International Coordination of Research on Infectious Animal Diseases (ICRAD) First Call: Editorial and Abstracts

Authors: Jens Nielsen and Others

GMPC TOP 2023. vol. 3, Iss. 2 pp:1-13
Doi: https://doi.org/10.51585/gtop.2023.2.0034

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Abstract:

The ICRAD ERA-NET launched its first call in 2020, with funding partners from twenty European countries. The aim was to foster a collaborative and interdisciplinary approach towards developing innovative instruments for the control and prevention of animal infectious diseases. Particularly, with a focus on creating vaccine and diagnostic technology platforms to enhance preparedness for major epidemic threats such as African swine fever and animal influenza. The first ICRAD call received significant support, totaling €17.4 million from partner countries alongside an additional €6.7 million top-up from the European Commission (EC). These funds were allocated to nineteen research project consortiums, consisting of researchers from across Europe. Through their collective efforts, these consortia have made remarkable progress in addressing various infectious disease risks faced by European animal health and the livestock industry. The following text encapsulates abstracts from eleven out of the nineteen projects that received funding through the first ICRAD research call. It’s noteworthy to observe that several of these projects are addressing pressing issues related to ongoing animal health outbreaks. For instance, three of these funded projects are dedicated to enhancing our comprehension of the African swine fever virus (ASFV) and fostering the development of a potential vaccine. Another project is honing its focus on avian influenza, with the objective of deciphering the factors contributing to increased virulence in low pathogenic avian influenza (LPAI) viruses. This could potentially enable us to better predict the severity of emerging avian influenza virus (AIV) strains. In addition, there are several other projects that align seamlessly with the overarching goals of ICRAD. These include but are not limited to, the development of innovative DNA vaccine technologies and the creation of diagnostic tools for a spectrum of pig diseases. Overall, we have funded a range of projects that align excellently with the overall goals of ICRAD, supporting innovative, cross-cutting research on animal health and welfare, with associated benefits for the environment and the economy. These projects represent significant strides in improving animal health, welfare, and food production throughout Europe. By fostering collaboration between partner institutes and bringing together experts from various countries and disciplines, these joint efforts can effectively combine knowledge, resources, and expertise to address complex challenges and threats. This coordination is crucial for identifying, preventing, and responding to emerging animal diseases that could not only endanger animal health but also have direct or indirect implications for human well-being. Moreover, this cross-border cooperation can yield more comprehensive research outcomes while developing innovative solutions and strategies for disease prevention and control. Ultimately, international scientific coordination on animal health showcased in the following abstracts demonstrates a strong commitment to cooperation while providing robust evidence to safeguard the health of animals, humans, and the environment. ICRAD, which organized this call and allocated grants to these projects is an ERA-NET, a co-funded project under the European Union’s Horizon 2020 Research and Innovation program.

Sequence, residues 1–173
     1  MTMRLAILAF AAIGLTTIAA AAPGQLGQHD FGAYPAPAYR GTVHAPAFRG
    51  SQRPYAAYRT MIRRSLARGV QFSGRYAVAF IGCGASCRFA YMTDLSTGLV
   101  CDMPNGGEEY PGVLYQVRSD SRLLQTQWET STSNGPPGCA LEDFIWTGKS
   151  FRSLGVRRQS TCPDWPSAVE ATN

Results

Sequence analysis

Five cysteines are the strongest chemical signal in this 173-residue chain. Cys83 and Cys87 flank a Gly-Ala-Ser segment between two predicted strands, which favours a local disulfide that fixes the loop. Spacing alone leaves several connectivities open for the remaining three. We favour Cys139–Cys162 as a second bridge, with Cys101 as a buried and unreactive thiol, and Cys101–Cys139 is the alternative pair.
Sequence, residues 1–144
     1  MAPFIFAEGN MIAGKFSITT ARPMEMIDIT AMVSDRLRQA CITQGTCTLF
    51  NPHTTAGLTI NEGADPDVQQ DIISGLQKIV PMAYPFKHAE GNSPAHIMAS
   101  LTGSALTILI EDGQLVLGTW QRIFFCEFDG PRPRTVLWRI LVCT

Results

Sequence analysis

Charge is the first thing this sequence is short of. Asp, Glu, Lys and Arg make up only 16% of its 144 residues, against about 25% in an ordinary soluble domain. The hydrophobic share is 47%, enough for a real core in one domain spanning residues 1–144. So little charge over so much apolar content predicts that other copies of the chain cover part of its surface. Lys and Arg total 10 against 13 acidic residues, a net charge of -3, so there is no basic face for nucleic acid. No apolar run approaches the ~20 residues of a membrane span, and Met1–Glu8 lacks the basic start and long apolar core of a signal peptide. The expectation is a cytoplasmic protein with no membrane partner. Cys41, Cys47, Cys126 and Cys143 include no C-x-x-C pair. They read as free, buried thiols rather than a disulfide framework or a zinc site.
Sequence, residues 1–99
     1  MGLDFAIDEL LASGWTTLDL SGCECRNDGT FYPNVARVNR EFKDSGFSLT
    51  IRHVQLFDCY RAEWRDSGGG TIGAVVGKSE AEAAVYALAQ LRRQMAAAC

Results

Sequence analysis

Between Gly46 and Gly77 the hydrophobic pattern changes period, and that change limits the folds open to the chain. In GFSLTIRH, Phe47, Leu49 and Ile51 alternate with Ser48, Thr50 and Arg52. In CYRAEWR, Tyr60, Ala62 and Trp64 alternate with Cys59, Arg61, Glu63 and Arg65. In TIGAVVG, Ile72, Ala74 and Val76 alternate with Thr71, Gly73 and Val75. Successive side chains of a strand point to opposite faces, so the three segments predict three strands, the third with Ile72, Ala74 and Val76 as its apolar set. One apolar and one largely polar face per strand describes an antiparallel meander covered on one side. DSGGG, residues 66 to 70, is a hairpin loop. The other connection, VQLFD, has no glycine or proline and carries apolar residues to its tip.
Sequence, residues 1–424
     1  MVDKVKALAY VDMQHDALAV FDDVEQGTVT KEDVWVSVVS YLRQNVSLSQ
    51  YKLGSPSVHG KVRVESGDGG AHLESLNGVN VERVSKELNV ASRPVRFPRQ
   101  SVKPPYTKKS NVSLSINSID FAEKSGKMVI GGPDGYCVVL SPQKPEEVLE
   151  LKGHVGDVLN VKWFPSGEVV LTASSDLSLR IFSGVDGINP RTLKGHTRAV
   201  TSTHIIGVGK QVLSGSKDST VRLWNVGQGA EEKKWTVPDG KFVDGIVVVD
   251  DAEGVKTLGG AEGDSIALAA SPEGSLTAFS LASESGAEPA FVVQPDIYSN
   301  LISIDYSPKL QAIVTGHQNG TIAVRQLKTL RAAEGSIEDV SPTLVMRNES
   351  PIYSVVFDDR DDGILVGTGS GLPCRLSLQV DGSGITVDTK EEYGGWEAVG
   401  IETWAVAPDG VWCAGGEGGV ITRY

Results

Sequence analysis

Keywords:

ICRAD, ERA-NET, African swine fever virus, Avian influenza, DNA vaccine, Food production, Prevention and control, One-Health

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